stusegal: (Default)
Like most people from my generation, I have felt for a long time like I know the Kennedy's . . . almost like they are extended family.  Over the years, the decades, we have celebrated with them, and we have cried with and for them.

A viewer wrote in to one of the cable channels today, in response to the question "Just what is it about the Kennedy's?"  And I thought his/her answer was right on: 
"They were rich, handsome and famous, and all they ever cared about was helping people less fortunate than themselves".

I've never agreed with Ted Kennedy's politics, but I've always admired his determination and sincerity.  I'm glad to have been here to see our first "young" President elected, glad to have cut school one day to see Bobby on the campaign trail, and glad to have heard Ted's 1980 DNC speech.

With Ted's passing we have lost the family who can only be described as America's First Family, even in the hearts of conservatives like me.
stusegal: (VITO)
It is with great sadness we must say goodbye to our friend, Ingela Levett.

We met Ingela in the fall of 2002, when we adopted big Vito from Rawhide Rescue.  Apparently Rawhide went to NYC to get Vito from the Animal Shelter and brought him to NJ to find him a home.  He has been with us 6 years, is the sweetest most obedient dog you can imagine, and in 2006 he earned his Therapy Dog Certification  -  which allows him to go to the Hospice and Nursing Home to visit people.  (Nothing like a 140 pound bullmastiff to bring a smile.)

Without Ingela, it would not have been.  Without Ingela, the 2,000+ dogs she rescued between 2001 and today may have been euthanized in shelters.  Without Ingela, a certain autistic child I know might not have his furry friend.

Rashmika and I grew to know Ingela over the past 6 years.  She devoted every waking hour to Rawhide Rescue.  No matter how tired, or ill, she might be she was never too tired to rescue one more dog.

Ingela's devotion is what inspired us to do our annual "Ride For Rawhide"; how could we not help her to raise the money she needed to rescue and care for these dogs?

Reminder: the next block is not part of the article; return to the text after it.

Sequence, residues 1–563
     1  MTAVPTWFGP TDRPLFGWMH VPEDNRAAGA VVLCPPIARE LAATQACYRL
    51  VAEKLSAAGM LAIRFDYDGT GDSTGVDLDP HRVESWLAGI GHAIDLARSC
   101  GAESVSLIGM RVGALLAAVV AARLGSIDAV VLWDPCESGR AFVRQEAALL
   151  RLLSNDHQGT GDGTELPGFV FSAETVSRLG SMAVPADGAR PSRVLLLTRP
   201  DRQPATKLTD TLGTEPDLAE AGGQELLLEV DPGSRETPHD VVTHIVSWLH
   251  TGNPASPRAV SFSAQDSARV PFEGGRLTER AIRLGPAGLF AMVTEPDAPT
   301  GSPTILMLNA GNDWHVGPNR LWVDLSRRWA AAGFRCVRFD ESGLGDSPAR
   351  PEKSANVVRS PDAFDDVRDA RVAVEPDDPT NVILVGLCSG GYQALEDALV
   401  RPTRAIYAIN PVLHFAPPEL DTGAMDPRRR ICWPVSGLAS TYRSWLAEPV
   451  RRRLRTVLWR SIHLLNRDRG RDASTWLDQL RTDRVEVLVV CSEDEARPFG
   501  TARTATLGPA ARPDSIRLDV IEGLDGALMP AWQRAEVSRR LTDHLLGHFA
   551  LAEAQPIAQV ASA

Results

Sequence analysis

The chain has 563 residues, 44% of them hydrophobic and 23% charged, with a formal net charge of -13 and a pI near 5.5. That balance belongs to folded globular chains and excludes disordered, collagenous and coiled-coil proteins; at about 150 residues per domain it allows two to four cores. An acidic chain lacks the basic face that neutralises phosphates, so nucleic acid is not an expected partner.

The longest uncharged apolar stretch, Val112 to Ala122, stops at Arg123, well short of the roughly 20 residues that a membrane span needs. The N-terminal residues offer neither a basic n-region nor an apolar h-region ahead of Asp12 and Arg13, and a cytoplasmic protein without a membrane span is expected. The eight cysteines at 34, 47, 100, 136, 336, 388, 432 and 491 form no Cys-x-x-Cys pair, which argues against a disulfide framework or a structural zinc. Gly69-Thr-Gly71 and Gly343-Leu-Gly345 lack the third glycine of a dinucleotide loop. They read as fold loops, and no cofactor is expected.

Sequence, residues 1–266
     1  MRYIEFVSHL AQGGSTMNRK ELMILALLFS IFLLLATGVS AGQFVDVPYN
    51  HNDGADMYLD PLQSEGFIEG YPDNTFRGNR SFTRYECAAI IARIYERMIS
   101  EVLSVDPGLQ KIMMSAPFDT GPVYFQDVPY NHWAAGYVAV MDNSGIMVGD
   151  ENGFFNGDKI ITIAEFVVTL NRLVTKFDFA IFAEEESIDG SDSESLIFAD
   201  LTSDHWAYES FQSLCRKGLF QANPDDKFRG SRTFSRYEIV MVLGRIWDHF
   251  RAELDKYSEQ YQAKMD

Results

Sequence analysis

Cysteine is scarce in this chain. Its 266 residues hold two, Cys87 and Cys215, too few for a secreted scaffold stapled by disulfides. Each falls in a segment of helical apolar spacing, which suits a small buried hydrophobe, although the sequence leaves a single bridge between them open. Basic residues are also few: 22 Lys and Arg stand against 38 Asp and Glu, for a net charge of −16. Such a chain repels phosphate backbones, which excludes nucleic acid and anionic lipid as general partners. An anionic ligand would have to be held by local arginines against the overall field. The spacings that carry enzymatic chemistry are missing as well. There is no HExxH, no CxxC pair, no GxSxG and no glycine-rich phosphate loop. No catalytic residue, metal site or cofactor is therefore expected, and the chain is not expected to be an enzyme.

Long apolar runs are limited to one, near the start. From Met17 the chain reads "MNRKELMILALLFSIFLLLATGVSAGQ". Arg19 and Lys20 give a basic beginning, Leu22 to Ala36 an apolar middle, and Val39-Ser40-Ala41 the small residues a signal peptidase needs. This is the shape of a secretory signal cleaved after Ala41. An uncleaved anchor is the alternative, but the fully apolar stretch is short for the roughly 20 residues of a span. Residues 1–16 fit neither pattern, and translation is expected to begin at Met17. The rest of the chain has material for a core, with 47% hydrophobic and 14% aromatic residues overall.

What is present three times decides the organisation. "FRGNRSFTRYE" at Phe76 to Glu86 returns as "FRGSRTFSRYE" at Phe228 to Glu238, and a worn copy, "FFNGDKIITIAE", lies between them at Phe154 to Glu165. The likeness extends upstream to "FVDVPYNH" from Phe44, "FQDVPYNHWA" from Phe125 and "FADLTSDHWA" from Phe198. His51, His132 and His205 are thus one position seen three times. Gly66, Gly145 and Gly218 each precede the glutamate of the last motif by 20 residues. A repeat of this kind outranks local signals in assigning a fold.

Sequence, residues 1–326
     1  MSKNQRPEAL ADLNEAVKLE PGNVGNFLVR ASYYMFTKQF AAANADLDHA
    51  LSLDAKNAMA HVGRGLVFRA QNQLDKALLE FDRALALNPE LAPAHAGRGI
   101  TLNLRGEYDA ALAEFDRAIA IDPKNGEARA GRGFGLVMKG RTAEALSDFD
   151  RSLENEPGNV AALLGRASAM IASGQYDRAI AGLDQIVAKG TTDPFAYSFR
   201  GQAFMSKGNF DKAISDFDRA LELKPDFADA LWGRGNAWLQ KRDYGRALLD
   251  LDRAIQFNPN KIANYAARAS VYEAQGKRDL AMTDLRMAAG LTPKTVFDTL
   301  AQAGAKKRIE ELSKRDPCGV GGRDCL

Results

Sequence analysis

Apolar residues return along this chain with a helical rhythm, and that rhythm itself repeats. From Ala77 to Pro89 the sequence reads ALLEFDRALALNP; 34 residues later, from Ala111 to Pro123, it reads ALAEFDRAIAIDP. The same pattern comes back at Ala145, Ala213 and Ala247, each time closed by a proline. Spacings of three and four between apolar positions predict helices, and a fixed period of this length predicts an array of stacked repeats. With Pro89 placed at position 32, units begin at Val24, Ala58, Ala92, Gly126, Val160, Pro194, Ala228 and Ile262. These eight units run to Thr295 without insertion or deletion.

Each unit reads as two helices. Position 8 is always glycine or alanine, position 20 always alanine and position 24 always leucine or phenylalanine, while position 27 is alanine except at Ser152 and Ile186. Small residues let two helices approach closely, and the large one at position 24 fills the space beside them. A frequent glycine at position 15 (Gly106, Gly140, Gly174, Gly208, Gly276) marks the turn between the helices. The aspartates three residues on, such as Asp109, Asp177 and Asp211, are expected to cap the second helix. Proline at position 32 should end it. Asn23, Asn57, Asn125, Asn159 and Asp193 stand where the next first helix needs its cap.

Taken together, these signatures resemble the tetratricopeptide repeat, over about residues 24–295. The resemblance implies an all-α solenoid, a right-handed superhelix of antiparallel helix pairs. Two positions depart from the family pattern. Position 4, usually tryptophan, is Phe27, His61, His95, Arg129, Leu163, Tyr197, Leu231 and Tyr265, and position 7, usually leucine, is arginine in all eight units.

For a long time, I didn't really know Ingela had a life before Rawhide Rescue; I just assumed she had always done this.  I didn't know she was the Information Management Director at Bristol Myers Squibb, where she worked for 30 years; but when I learned that it made sense - the drive, the organizational skills, the people skills.  After retirement, she founded Rawhide Rescue.

Ingela went into the hospital a few weeks back, having been diagnosed with lukemia.  Apparently, in the hospital, she contracted a staph infection, then pneumonia, and passed away this morning.

Countless dogs and families are a living testament to Ingela's efforts.  I greatly admire the impact she has had on so many; who am I to judge, but it sure seems like a life well spent.  I will miss her dearly.

Ingela's Obituary & Funeral Arrangements
The family has asked for donations to Rawhide Rescue in lieu of flowers or other gifts.
stusegal: (VICTORY)
Yes, it has been 15 years today since the WTC was bombed - an event most seem to forget, even though 6 people were killed, and over a thousand injured.  I remember it well, for 2 reasons:
  1. The first, less important - in 1993 I was going through the WTC at least 3 days a week.  My memory of that time is vivid, and I am thankful I wasn't passing through as the bomb exploded.
  2. And more importantly, I am reminded of it every day as we suffer with the effects of the non-response of our administration.